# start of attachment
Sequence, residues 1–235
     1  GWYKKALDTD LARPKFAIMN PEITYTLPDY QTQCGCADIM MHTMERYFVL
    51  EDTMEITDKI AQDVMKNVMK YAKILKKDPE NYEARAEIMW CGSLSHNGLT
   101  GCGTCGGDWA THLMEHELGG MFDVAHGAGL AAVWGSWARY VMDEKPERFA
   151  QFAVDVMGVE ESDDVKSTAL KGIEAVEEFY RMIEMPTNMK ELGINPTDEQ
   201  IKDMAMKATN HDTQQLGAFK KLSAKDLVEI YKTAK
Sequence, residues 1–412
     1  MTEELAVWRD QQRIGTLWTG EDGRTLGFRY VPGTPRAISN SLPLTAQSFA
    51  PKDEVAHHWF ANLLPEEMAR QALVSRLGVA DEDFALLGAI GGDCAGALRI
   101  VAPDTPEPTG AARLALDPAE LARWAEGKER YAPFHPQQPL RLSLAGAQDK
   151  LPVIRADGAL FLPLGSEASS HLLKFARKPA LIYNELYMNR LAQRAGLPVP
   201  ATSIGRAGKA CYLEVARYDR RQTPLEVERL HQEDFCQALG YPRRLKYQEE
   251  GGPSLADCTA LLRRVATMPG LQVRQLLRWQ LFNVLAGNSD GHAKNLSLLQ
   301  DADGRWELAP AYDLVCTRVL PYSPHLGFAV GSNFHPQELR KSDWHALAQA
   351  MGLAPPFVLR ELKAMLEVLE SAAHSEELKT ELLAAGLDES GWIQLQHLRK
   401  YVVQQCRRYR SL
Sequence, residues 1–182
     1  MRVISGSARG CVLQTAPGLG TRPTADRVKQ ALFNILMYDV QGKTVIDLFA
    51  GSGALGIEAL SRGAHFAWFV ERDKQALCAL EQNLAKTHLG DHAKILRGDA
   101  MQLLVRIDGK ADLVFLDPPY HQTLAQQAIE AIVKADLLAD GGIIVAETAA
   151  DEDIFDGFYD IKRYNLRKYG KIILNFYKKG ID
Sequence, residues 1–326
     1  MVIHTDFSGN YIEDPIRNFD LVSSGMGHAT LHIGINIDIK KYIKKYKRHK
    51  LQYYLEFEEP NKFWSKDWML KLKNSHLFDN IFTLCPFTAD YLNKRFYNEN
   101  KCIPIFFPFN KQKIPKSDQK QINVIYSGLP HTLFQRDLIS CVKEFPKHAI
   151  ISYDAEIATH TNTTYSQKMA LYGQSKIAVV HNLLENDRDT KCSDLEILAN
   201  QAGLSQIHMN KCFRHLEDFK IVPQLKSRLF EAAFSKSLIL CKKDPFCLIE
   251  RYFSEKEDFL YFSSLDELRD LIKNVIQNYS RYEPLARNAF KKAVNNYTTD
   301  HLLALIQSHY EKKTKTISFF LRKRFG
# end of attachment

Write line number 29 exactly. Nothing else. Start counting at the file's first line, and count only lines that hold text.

   301  HLLALIQSHY EKKTKTISFF LRKRFG